The human EPO present in the urine or the supernatant of culture obtained by the aforementioned methods may be further concentrated and purified by routine isolation and purification procedures such as, for example, precipitation with an organic solvent (e.g. benzoic acid, ethanol, acetone or tannic acid), salting out with ammonium sulfate, etc., dialysis by, for example, vacuum concentration, chromatographic techniques (e.g. gel permeation chromatography, ion-exchange chromatography and affinity chromatography), and electrophoretic techniques (e.g. isoelectric electrophoresis and gel electrophoresis). These isolation and purification procedures may be employed either independently or in combination.
The human EPO thus prepared may be stored either frozen or in a dehydrated state attained by freeze-drying, vacuum drying or other suitable methods. Alternatively, an aqueous solution containing the human EPO may be mixed with a water-soluble salt or a hydrophilic organic solvent to precipitate the active ingredient, which then is dehydrated for storage purposes. If desired, the human EPO may be dissolved in a suitable buffer solution and aseptically filtered such as through a Millipore filter to prepare an injection.
The pharmaceutical composition of the present invention for the treatment of anemia in malignancy may be mixed with conventional anemia treating agents such as chalybeates, vitamin B12 and androgens, either in a dosage form or just before use. Illustrative chalybeates include dried ferrous sulfate, iron fumarate, iron dextran, iron gluconate, iron glucuronate and iron orotate.
The dosage and frequency of administration of the human EPO incorporated in the therapeutic composition of the present invention may be determined depending upon the condition of the patient under therapeutic regimen. In ordinary cases, a preparation containing 0.1-500 μg, preferably 5-100 μg, of human EPO may be administered to an adult in 1-7 doses for one week, assuming a human erythropoietin activity of 9×104 units per mg.
The pharmaceutical composition of the present invention for the treatment of anemia in malignancy may contain a stabilizer selected from among polyethylene glycol, proteins, sugars, amino acids, inorganic salts, organic salts and sulfur-containing reducing agents. These stabilizers may be employed either individually or in combination. They are preferably incorporated in the composition of the present invention in an amount ranging from 0.11 to 10,000 parts by weight per part by weight of human EPO. If two or more stabilizers are used, it suffices that the total of their amounts is within the range specified above. These stabilizers are used in the form of an aqueous solution containing a corresponding amount of a specific stabilizer to provide the appropriate concentration and pH. This aqueous solution is adjusted to have an osmotic pressure ratio of 0.1-3.0, preferably 0.8-1.2. The pH of the aqueous solution is adjusted to a value between 5.0 and 9.0, preferably between 6 and 8.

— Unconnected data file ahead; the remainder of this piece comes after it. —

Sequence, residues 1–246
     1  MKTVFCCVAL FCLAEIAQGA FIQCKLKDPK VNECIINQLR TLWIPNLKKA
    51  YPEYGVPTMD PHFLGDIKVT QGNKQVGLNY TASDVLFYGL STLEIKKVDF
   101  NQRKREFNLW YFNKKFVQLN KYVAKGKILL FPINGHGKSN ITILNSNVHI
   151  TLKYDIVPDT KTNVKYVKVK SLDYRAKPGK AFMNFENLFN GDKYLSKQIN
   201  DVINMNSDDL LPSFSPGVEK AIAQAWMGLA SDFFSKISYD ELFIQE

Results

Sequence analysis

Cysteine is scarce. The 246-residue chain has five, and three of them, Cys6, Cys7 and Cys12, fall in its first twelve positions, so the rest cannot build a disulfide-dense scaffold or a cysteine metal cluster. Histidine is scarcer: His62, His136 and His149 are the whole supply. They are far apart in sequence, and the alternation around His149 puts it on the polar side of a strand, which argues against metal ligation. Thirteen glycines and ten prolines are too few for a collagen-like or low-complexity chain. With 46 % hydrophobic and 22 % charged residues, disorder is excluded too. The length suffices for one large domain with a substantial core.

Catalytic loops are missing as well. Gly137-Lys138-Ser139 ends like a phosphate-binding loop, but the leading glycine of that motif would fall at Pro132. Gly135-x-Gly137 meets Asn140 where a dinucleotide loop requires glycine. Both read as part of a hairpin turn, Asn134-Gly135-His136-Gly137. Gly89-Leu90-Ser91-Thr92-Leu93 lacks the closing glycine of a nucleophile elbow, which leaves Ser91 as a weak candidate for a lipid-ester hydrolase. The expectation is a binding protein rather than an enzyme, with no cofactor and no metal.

The composition of the present invention may be prepared in a dosage form in the presence of an adsorption preventing agent.
Urine from patients with hypoplastic anemia was subjected to the procedures of T. Miyake et al. (J. B. C., 52, 5558 (1977)); viz., (1) deionization on a Sephadex G50 column, (2) adsorption on DEAE-cellulose in a batch system, (3) precipitation with ethanol, and (4) chromatography on a DEAE-agarose column. By these procedures, a partially purified form of human urinary EPO was obtained.